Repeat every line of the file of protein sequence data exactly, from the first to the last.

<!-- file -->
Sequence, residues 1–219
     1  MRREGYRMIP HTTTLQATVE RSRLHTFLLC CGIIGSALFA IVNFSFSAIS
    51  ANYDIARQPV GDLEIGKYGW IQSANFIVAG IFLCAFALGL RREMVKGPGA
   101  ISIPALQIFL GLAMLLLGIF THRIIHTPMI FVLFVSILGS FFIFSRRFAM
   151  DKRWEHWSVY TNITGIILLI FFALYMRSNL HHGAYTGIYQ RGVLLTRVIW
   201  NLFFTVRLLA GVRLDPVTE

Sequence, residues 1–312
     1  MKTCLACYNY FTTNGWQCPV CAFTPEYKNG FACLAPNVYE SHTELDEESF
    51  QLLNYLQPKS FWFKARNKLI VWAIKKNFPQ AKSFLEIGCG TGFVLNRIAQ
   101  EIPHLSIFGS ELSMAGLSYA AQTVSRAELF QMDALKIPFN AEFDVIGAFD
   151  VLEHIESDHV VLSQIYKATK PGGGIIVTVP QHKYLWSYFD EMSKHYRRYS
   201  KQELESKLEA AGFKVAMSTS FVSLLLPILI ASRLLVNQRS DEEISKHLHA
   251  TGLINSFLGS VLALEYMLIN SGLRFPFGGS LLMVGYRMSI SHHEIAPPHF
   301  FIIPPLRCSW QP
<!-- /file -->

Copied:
Sequence, residues 1–219
     1  MRREGYRMIP HTTTLQATVE RSRLHTFLLC CGIIGSALFA IVNFSFSAIS
    51  ANYDIARQPV GDLEIGKYGW IQSANFIVAG IFLCAFALGL RREMVKGPGA
   101  ISIPALQIFL GLAMLLLGIF THRIIHTPMI FVLFVSILGS FFIFSRRFAM
   151  DKRWEHWSVY TNITGIILLI FFALYMRSNL HHGAYTGIYQ RGVLLTRVIW
   201  NLFFTVRLLA GVRLDPVTE

Sequence, residues 1–312
     1  MKTCLACYNY FTTNGWQCPV CAFTPEYKNG FACLAPNVYE SHTELDEESF
    51  QLLNYLQPKS FWFKARNKLI VWAIKKNFPQ AKSFLEIGCG TGFVLNRIAQ
   101  EIPHLSIFGS ELSMAGLSYA AQTVSRAELF QMDALKIPFN AEFDVIGAFD
   151  VLEHIESDHV VLSQIYKATK PGGGIIVTVP QHKYLWSYFD EMSKHYRRYS
   201  KQELESKLEA AGFKVAMSTS FVSLLLPILI ASRLLVNQRS DEEISKHLHA
   251  TGLINSFLGS VLALEYMLIN SGLRFPFGGS LLMVGYRMSI SHHEIAPPHF
   301  FIIPPLRCSW QP